Sometimes we can’t reach for the BBQ smoker or grill, but rather than go for the oven there’s another cooking method that is the ultimate backup to barbecue. The sous vide cooker is a life saver, and can replicate the juicy, tender beef ribs that we’d want from our BBQ smoker.
From times, target temperature, and meat prep guide, find out everything you need to know with our recipe. Here’s how to sous vide cook beef ribs.
Benefits of sous vide beef ribs
Sous vide slow-cooks meat at a low temperature for hours, slowly bringing it to our target temperature. The meat is vacuum-packed in plastic so there is no risk of it drying out through exposure to hot air, and instead allows the meat to sit in its own juices as it cooks.
It’s one of the best cooking methods for producing perfectly cooked, tender meat.
It’s also a great hands-off form of cooking. While barbecue smoking does allow us to leave meat cooking for hours, you do still need to monitor it from time to time. With sous vide cooking, we can almost completely leave the water bath to do it’s thing. No basting. No flipping. Just cooking.
If you’re as lazy as I am, it’s a no-brainer.
In the case of beef, it slowly breaks down the connective tissue found in the meat over the course of 24-36 hours (yes, really!).
What’s the best cut of beef for sous vide ribs?
For this recipe we’ll be using beef back ribs. These are sometimes confused with beef spare ribs, but don’t be alarmed if this is what your butcher hands you: Beef spare ribs are fine for this recipe too.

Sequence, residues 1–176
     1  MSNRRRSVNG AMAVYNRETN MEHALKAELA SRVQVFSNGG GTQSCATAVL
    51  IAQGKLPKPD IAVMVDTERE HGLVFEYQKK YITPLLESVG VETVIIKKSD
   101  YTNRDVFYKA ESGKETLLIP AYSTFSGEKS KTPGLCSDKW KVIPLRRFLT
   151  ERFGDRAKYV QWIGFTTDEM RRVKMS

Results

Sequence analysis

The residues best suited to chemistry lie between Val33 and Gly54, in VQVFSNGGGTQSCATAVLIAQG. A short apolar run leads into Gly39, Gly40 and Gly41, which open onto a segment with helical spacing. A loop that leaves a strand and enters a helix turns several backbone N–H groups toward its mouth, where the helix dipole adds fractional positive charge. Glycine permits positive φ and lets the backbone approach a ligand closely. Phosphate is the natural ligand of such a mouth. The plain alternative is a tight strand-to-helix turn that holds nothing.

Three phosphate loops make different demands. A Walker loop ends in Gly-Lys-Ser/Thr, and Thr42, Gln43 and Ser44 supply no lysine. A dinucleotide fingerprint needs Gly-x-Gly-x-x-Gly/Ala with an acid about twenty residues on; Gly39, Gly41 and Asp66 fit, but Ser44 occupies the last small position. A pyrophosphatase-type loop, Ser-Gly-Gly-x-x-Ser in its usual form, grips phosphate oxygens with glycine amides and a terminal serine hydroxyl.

Most people consider back ribs as the go-to cut for beef ribs, and for good reason. While there tends to be less meat on back ribs than there is on short ribs, the meat is very tender. It’s perfect for a long-form slow cooking method like sous vide! Don’t forget to check out our smoked beef back ribs recipe to see how it turns out with low and slow barbecue.
Sous vide beef ribs temperature
Because back ribs aren’t too meaty, to achieve a good level of tender we want to cook them at a a very low temperature so that we can achieve that tender and juicy finish we want.
I’ve done low temperatures with sous vide beef before, just like with our sous vide tri-tip. It’s what gives us the best results, and brings the best out of the beef.
We will cook them at 150°F (65°C) to achieve a medium-rare finish. If you prefer something closer to medium, then set your sous vide for 165°F (71°C).
How long to cook sous vide beef ribs?
We will cook them for 24-38 hours in the sous vide. This is a long amount of time, but is the best way to allow our meat to come to temperature, while also guaranteeing the tender and fall-off-the-bone consistency we want from barbecue beef back ribs.
How to remove the membrane from beef ribs
Unless your butcher has already removed it, you should see a thin layer of skin or membrane (also called silver skin) across the top of the beef rack. While some people argue the case for keeping it, I’m a big believer in removing it. It can block heat and flavors from working their way into the flesh of the meat, and it can turn rubbery when cooked.
Removing it is the same as how you would remove membrane from pork ribs, although you might find that the skin is a lot more stubborn to remove on beef back.
To remove it, slide a blunt knife under the skin. Use a paper towel to get some purchase on it, and slowly pull it away. It might come away in one go, but if not don’t worry. It’s fine to peel it away in pieces.